More than 80 percent of patients with Crohn’s disease who develop intestinal strictures have creeping fat — mesenteric fat that wraps around the intestine — in the same location.
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This has led researchers to wonder if there might be a link between the two that, if better understood, might lead to therapeutic interventions. Currently there is no anti-fibrotic therapy available for Crohn’s patients with strictures; most have to undergo interventions with endoscopy or surgery to treat the problem.
“We feel there’s a connection between the two,” says Florian Rieder, MD, of the Department of Gastroenterology and Hepatology. “The creeping fat is in direct contact with the intestinal muscle and when the intestinal muscle thickens then the lumen narrows and patients obstruct.”
Dr. Rieder conducted a study looking at creeping fat derived free fatty acids (FFA) and their role in the development of strictures in patients with Crohn’s disease. He presented the findings Monday at DDW 2018.
After culturing creeping fat cells, Dr. Rieder and his colleagues used mass spectrometry to determine which FFA are secreted from the fat cells. They found the FFAs came in a variety of different lengths: palmitate, stearate, oleate, decanoate, butyrate. From there, they exposed intestinal smooth muscle cells from patients with Crohn’s disease to those FFAs, as well as to different adipokines and to TNF, IL-1β, TGF-β1 or bFGF.
“We looked at what fatty acids are secreted by the creeping fat,” Dr. Rieder says, “then we took these fatty acids and we put them on the muscle to see if the muscle proliferates and it did.”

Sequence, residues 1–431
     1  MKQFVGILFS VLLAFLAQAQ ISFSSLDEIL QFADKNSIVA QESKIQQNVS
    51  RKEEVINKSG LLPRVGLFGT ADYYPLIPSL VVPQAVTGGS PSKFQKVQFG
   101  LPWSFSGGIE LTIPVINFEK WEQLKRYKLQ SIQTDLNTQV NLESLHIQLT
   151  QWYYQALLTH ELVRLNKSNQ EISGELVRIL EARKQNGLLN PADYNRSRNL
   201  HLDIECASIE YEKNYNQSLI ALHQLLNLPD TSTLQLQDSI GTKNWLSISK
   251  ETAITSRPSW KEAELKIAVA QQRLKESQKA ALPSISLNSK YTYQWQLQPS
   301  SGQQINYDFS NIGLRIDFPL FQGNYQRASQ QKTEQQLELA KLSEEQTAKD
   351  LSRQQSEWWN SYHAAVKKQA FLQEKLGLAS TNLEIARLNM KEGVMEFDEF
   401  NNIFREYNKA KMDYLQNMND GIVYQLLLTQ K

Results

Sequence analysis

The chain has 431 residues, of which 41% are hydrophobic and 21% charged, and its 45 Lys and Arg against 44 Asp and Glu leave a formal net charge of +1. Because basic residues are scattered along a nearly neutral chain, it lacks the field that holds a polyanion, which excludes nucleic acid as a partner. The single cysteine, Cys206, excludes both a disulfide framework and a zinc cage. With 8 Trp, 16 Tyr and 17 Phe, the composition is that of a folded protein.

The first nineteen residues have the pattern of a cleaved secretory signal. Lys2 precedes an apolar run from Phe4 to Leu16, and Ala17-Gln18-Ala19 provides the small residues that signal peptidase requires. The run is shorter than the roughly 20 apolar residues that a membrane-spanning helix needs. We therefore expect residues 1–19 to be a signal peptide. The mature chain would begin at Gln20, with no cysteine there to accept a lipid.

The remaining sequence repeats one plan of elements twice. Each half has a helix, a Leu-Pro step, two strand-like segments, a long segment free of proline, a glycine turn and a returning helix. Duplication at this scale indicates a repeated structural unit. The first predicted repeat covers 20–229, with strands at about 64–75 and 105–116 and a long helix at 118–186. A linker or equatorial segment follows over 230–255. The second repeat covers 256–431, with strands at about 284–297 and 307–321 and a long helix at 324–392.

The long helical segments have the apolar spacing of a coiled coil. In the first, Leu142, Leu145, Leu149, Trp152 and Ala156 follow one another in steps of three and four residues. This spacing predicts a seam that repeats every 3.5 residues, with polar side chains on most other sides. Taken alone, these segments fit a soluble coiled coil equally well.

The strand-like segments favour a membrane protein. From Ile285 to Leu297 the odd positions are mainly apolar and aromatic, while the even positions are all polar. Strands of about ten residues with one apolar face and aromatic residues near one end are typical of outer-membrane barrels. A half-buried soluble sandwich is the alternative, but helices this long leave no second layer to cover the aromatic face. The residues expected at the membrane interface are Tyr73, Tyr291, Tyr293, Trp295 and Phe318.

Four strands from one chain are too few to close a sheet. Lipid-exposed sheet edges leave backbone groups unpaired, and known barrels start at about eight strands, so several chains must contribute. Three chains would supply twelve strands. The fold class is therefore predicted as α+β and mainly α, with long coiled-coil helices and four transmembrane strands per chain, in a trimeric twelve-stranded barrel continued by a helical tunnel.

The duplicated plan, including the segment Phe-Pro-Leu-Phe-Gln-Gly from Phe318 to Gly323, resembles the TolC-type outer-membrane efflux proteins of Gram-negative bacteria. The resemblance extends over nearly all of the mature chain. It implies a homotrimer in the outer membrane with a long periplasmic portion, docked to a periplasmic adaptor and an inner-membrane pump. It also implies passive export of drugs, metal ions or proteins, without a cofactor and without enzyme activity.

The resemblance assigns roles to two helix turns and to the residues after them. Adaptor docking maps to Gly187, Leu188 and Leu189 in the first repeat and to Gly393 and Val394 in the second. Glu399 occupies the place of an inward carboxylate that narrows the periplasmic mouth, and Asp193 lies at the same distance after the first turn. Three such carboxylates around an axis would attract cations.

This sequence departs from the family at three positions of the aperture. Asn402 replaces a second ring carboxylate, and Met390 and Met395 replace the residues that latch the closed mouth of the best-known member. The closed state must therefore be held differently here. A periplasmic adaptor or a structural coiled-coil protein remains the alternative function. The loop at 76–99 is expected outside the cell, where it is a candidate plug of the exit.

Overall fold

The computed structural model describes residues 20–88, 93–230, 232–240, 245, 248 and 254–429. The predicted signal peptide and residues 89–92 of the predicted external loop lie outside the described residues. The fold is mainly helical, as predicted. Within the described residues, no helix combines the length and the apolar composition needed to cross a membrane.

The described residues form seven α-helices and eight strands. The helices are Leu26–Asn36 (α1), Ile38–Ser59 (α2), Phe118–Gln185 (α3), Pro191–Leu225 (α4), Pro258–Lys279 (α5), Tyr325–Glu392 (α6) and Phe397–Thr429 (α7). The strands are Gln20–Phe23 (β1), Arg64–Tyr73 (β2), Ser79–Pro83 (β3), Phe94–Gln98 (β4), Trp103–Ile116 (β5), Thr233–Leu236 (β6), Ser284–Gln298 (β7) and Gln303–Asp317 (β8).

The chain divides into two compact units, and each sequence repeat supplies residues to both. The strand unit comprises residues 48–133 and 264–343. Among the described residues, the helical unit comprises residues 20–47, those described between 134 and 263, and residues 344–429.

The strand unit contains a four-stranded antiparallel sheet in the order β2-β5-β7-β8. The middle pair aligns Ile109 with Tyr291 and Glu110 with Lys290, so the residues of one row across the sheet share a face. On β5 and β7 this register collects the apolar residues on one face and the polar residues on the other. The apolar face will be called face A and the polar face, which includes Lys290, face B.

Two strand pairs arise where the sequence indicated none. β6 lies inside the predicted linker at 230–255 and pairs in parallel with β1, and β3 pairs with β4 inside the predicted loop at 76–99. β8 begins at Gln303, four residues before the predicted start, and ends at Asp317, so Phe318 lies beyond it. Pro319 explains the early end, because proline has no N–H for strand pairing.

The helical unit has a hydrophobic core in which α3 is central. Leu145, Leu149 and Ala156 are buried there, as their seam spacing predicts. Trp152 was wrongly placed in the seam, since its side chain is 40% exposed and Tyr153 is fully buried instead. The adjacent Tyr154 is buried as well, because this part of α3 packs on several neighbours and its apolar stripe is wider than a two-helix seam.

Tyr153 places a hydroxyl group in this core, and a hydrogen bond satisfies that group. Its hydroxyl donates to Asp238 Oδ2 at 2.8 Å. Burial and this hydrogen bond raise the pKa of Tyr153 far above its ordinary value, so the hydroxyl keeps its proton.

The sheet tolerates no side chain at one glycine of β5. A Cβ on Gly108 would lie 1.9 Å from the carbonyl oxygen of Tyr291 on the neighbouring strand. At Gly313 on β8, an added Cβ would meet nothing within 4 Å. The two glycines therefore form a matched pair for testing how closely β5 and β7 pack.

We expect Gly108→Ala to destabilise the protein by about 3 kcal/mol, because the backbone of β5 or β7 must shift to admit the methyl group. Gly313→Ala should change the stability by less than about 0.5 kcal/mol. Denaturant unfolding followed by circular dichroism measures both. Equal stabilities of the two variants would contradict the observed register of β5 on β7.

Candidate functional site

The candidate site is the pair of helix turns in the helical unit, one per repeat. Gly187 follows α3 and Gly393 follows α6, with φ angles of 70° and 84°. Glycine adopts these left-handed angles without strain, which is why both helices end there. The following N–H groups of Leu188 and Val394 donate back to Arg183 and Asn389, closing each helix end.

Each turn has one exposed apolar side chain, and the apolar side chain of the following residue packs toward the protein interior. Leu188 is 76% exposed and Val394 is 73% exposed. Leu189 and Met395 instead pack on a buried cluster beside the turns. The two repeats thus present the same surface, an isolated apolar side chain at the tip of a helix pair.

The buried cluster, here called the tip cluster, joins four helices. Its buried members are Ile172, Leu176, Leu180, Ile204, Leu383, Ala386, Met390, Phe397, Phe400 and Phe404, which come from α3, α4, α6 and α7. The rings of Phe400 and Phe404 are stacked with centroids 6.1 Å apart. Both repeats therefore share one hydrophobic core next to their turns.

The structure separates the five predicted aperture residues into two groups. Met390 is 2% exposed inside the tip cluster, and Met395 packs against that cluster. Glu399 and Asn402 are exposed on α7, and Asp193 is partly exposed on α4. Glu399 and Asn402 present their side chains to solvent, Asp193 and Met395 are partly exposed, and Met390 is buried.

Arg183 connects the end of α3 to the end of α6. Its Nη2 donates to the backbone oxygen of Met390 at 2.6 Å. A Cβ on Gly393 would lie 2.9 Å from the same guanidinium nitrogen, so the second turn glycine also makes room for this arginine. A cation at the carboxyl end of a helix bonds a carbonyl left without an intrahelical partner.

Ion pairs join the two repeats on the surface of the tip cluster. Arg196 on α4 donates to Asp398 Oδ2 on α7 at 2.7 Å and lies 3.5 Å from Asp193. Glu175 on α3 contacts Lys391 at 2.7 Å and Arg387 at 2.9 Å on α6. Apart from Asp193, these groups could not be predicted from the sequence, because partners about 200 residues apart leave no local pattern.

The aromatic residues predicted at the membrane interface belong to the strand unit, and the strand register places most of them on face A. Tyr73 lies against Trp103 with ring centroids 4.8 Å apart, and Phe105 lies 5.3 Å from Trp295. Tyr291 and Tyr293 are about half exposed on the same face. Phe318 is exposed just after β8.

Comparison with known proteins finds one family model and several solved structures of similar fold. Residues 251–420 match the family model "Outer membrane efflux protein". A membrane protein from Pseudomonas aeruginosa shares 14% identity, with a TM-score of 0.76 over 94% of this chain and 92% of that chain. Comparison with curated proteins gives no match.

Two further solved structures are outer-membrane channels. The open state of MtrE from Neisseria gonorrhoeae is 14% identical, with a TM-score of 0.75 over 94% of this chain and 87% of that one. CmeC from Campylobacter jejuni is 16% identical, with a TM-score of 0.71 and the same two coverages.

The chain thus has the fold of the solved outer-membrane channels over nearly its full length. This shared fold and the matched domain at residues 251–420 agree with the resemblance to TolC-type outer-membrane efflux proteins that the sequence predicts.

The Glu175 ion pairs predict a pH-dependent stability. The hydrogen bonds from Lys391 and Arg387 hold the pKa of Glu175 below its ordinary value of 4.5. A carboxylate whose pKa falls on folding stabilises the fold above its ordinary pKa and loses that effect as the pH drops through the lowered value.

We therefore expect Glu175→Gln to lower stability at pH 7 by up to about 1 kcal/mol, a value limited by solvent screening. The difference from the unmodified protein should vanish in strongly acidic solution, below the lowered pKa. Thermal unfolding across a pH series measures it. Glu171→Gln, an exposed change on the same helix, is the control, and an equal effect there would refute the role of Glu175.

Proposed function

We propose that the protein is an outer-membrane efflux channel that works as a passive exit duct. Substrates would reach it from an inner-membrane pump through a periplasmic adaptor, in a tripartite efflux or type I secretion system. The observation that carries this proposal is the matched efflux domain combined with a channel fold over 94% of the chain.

The researchers compared intestinal specimens of patients with Crohn’s disease who had creeping fat and those that did not, as well as patients with ulcerative colitis and healthy controls. They found that creeping fat secreted higher amounts of total, saturated and poly-unsaturated FFA with higher levels of the long-chain FFA palmitate, oleate and stearate (P < 0.05).
In addition, they found that long-chain (but not medium- or short-chain) FFA increased proliferation in smooth muscle tissue and fibroblasts, but not in intestinal epithelial or endothelial cells, and not in preadipocytes or adipocytes. They also found the proliferation was dependent on the signaling pathways p38MAPK, PKC and PI3K, but not MyD88, TLR2, TLR4, NFΚB or CD36.
“So there was significant specificity,” Dr. Rieder says. “Creeping fat derived long-chain but not shorter-chain fatty acids led to proliferation of muscle cells and fibroblasts but not other cells of the intestine.”
The investigators also inhibited FFA uptake into the smooth muscle cell mitochondria by blocking carnitine palmitoyltransferase, CPT-1. This reduced palmitate-induced proliferation in five out of eight smooth muscle cell lines taken from patents with Crohn’s disease. It did not reduce proliferation in the patients with ulcerative colitis or in the healthy controls. By comparison, blocking sphingosine biosynthesis inhibited palmitate-induced proliferation in all of the smooth muscle cells lines.
Finally, the researchers found exposure of the smooth muscle cells to whole mesenteric fat dramatically upregulated smooth muscle cell proliferation and fat-conditioned medium derived from cells of patients with Crohn’s disease significantly increased proliferation twofold compared with patients with ulcerative colitis or to the healthy controls.
“Blocking CPT-1 is one way we may be able to intervene medically,” Dr. Rieder says. “The next step is to find the exact mechanism of how this is mediated.”
To do that, the investigators will label the FFA and use mass spectrometry to determine where they end up inside the smooth muscle cells. “The FFAs can go into many different compartments within a cell and we want to know exactly which ones,” he says. “That will allow us to better determine exactly what they do.”